Drosophila macrophages have a microtubule “arm” that points them in the right direction and pushes them away from their fellow leukocytes, Stramer et al. reveal.

Fly macrophages disperse themselves around the body during embryogenesis, ready to mount an immune response at the site of a wound. These cells can be observed relatively easily using confocal microscopy, so Stramer et al. developed a fluorescent probe to study the cells' microtubule dynamics as they migrated in living embryos.

The researchers saw that macrophages bundled their microtubules into an arm that pointed to the leading edge of each cell. Wounding the embryos caused macrophages to turn their arms toward the damage before the rest of the cell followed suit, suggesting that the bundles help macrophages polarize and migrate in the direction of their target. The arms also allow the cells to move away from each other: when two macrophages collided, their arms briefly aligned and then collapsed, spurring the cells to retreat in opposite directions. Removing the microtubule arm by expressing the filament-severing protein Spastin or removing the microtubule-stabilizing protein Orbit blocked macrophages' ability to repel each other. The cells still moved but they clumped together instead of dispersing throughout the embryo.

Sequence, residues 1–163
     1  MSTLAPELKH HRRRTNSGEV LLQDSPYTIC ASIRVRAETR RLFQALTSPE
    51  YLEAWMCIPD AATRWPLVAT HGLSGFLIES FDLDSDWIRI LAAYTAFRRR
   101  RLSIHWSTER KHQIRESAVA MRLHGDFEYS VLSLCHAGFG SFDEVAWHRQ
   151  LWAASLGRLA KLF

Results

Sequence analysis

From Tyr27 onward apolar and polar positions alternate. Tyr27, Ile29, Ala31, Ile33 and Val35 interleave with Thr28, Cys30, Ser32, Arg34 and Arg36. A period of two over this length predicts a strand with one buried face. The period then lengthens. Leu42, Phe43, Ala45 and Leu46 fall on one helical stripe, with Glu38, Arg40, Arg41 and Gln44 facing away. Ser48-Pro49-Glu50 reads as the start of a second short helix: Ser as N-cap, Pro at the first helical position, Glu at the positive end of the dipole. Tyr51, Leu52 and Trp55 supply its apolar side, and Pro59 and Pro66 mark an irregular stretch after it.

Lead author Brian Stramer now plans to screen for other proteins involved in the process to understand how the microtubule arms sense and redirect colliding macrophages. He also notes that these structures don't exist in cell culture, highlighting the importance of observing cell migration in vivo.

et al
J. Cell Biol.